Children dropout rate reduced
Children dropout rate reduced

Children in Kankri VDC of Rukum are mostly limited in household chores and expected to take care of domestic animals, as sending them to school is still not considered a priority. Mostly inhabited by Magar people, the region is dominated by the Lahure culture which is an age-old trend of joining the armed forces abroad. According to VDC statistics, the number of educated people is therefore less in this area. Parents usually send their children to fetch grass and bring firewood from the forest. Even those who return after school get immediately engaged in household chores.

There are seven Early Child Development (ECD) centres in this VDC. According to Ramesh Magar, MIC Nepal social mobilizer, the situation in all the ECDs is the same. Shila Gharti, ECD facilitator of Tribeni Secondary School at Kankri, said that ECDs work like shelters for children when their parents are at work. She explains that it is a very common practice for ECD children and upper grades students to be irregular and some parents don’t even enroll their children at school. As a result, schools are facing not only problems of lack of active participation of students, the children at the same time are unable to achieve what they are expected to. 

In order to tackle such a critical situation, UMN started working in supporting child-friendly education in partnership with MIC Nepal. “These days, improvement can be visibly seen,” says Shila, further mentioning that they were not aware about how to deal with children in the past and were quite worried.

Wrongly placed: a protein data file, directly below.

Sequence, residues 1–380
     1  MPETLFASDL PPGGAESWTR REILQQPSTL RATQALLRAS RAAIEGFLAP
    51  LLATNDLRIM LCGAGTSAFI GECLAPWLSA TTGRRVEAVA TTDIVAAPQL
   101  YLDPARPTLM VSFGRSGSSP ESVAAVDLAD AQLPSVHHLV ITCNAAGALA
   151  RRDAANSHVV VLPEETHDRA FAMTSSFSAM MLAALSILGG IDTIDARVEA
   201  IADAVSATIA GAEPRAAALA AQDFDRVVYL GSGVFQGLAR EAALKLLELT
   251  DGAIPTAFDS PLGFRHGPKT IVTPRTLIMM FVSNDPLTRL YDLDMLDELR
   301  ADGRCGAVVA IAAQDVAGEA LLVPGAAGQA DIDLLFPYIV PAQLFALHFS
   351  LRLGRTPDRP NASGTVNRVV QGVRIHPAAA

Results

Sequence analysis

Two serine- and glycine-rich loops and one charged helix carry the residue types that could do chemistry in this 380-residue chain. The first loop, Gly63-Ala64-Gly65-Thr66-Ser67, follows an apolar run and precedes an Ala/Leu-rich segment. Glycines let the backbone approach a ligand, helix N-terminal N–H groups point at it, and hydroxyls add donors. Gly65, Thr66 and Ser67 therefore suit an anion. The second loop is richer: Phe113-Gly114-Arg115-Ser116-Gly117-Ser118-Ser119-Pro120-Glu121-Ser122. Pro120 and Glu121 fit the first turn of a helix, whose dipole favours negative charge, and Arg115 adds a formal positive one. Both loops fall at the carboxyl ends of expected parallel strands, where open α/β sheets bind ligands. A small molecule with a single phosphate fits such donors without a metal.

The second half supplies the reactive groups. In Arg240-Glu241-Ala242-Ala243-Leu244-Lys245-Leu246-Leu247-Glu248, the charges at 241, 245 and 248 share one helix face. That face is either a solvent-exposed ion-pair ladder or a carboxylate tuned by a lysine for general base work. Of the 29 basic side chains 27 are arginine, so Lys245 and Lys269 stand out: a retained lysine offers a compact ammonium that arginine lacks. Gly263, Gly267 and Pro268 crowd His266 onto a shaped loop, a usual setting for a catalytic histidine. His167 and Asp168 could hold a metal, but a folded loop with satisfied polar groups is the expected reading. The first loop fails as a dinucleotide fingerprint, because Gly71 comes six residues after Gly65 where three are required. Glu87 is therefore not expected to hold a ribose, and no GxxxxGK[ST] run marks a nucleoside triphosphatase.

With the implementation of Multi-Lingual Education (MLE) programme, thelocal partner MIC Nepal worked hard to assist in developing local ECD materials for teaching purposes in the area. Teachers and facilitators like Shila were oriented on ECD methods and also on the use of locally produced materials, including child-friendly teaching techniques. Regular coaching through mobile meetings was also conducted for effective teaching and learning.

In order to make the ambience visually appealing and vibrant, ECD centres are well furnished with jute carpets, decorated with wall paintings with alphabets and different pictures. ECD facilitator Shila started to conduct classes in an interactive and friendly manner, and children also started using the materials provided. They found the new approach to be interesting, so they started to come to the centre regularly which gradually improved the student participation in the school. 

Shila further shares: “By playing with the materials, children are able to recognize the alphabets easily and are able to read them fast. Children’s drop-out rates have suddenly reduced.”

Out of 13 children that were enrolled, only eight to nine children were regular in the centre last year and many used to drop out as well.But the number enrolled in the class increased up to 28 and the class attendance rate now is also high as compared to last year. Shila describes the current situation: “We do not find a single child that doesn’t come to school in the entire village. This is a big change here.”

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